Lisa Cannon-Albright, Ph.D.

Professor and Division Chief in the Division of Genetic Epidemiology

Project Title

A High-Risk Pedigree Approach to Identification of Predisposition Variants

Named Award

Vic Fazio Memorial Fund


Professor and Division Chief in the Division of Genetic Epidemiology


Huntsman Cancer Institute at the University of Utah., Salt Lake City, Utah

My “Why”

As a graduate student, I met Dr. Mark Skolnick who proposed studying high-risk pedigrees to understand the inherited contribution to cancer (in the late 1970s, when everyone thought all cancer was viral or environmental). I am a statistician and decided then to focus my tools on inherited cancer predisposition.

My Mission

So much of cancer research is focused on diagnosis and treatment. I believe that we should focus on cancer prevention. Identifying and understanding the contribution of inherited predisposition to cancer will help us accomplish that.

Research Overview

This study will identify possible melanoma predisposition genes and variants that may be responsible for higher rates of melanoma in some families by analyzing their pedigrees (familial lines of traits). Pedigree analysis traces the inheritance of an abnormal trait or disease. Analyzing the inheritance patterns seen in large families has been shown to be a powerful way to identify the predisposition genes that are responsible for this type of skin cancer.

We have used this approach in Utah to identify major cancer gene mutations—BRCA1 and BRCA2, as well as CDKN2A [the most common predisposition gene for cutaneous melanoma (CM)]. We aim to use this same approach for a large available resource of already sequenced, CM-related cases from high-risk Utah pedigrees.

This project will:

  • Apply a unique approach that includes identifying the rare genetic variants that are shared among these familial cases to identify a set of strong possible CM predisposition genes and variants.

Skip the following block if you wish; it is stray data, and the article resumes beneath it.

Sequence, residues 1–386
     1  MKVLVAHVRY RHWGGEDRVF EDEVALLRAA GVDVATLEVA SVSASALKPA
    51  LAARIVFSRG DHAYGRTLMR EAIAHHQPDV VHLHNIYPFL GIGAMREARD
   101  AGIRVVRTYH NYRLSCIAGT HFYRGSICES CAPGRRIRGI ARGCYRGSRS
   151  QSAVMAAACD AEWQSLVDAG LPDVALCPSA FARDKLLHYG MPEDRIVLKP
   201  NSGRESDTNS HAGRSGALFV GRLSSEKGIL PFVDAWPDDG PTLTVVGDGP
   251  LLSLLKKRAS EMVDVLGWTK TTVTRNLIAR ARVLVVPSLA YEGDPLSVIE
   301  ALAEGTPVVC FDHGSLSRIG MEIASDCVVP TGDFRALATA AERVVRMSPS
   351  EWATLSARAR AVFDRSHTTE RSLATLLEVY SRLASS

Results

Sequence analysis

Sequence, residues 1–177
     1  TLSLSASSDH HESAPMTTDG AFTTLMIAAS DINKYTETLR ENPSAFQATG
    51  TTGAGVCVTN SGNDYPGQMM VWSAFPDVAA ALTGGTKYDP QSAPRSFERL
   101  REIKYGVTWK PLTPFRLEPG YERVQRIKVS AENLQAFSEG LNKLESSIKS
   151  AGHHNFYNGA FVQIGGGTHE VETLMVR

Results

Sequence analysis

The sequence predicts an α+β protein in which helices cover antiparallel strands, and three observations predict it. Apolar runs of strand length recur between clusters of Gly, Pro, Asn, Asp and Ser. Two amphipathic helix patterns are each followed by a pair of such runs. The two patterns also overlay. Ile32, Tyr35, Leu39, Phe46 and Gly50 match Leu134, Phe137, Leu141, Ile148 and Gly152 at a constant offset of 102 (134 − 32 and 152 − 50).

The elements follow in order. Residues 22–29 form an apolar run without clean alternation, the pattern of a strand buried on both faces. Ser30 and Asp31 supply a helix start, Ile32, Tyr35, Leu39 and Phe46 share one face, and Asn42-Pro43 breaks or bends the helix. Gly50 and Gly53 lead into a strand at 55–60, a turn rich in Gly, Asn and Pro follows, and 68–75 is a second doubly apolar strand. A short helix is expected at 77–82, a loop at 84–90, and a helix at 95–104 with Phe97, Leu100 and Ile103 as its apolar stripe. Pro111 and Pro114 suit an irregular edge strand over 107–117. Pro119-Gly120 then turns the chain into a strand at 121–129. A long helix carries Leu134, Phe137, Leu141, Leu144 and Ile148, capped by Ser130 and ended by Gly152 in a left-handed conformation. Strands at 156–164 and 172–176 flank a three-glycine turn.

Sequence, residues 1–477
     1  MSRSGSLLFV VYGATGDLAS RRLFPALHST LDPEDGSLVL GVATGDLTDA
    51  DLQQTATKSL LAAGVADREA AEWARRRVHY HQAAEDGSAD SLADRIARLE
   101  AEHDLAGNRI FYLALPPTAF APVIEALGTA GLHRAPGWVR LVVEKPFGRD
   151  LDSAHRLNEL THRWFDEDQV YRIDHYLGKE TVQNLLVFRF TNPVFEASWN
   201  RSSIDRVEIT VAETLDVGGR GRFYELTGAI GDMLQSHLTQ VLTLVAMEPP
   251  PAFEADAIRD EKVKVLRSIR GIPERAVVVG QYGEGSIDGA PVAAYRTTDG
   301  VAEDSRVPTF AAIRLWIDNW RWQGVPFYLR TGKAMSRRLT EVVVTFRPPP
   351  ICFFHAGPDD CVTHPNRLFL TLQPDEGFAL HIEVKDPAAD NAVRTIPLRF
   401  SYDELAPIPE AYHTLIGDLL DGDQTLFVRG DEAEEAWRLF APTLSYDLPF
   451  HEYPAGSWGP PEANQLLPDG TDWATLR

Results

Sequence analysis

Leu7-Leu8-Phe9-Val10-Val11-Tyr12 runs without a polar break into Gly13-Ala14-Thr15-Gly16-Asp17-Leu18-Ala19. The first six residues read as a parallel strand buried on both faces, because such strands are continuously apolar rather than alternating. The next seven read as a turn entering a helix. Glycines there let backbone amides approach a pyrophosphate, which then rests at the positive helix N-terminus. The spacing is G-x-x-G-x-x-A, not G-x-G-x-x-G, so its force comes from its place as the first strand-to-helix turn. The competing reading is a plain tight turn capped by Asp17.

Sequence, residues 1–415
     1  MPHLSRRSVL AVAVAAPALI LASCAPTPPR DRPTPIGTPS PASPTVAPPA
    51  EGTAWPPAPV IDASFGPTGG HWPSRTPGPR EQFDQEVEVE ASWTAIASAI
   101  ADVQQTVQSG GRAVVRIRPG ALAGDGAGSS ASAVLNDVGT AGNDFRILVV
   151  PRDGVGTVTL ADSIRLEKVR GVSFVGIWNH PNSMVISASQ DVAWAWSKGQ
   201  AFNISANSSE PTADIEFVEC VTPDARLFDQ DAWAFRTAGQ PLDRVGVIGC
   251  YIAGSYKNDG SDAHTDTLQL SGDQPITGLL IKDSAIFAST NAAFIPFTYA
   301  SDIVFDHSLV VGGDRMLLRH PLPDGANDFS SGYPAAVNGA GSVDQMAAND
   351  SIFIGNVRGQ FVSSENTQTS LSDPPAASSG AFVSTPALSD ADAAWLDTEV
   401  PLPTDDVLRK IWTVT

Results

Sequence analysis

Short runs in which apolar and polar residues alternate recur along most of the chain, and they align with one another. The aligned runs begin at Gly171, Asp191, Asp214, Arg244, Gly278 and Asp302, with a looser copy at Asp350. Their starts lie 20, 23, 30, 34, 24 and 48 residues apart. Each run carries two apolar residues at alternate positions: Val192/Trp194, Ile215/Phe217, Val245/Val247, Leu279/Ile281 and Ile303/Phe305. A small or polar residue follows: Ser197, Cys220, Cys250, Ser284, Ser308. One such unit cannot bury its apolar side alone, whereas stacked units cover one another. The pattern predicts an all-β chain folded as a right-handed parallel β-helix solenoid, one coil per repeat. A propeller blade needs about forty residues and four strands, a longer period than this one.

• Validate our gene set by testing for association with CM risk in independent sets of CM cases and controls.
  • Investigate the top 10 candidates in the set of additional previously sampled CM-affected relatives of the affected cousin carriers to confirm segregation of the variants with CM in pedigrees.

Identification of additional genes and variants responsible for CM will improve identification of those people most at risk, expand our understanding of the causes of CM and allow the application of powerful screening and prevention strategies for this deadly cancer. 

Why Funding Matters

Funding [from the Prevent Cancer Foundation] allows my team and I to efficiently analyze a powerful resource that already exists. We will be able to apply our method to analyze a set of sequenced melanoma cases to identify genetic changes that increase the risk of cancer in an effort to ultimately predict and prevent melanoma.

My Hope

This project will identify a strong set of very likely melanoma predisposition genes and variants responsible for increased melanoma in certain families. We will be able to further validate some genes and variants while others will be made public for independent efforts to further explore and understand. Identification of the variants that predispose to melanoma will allow much more powerful and effective screening and prevention of this deadly disease.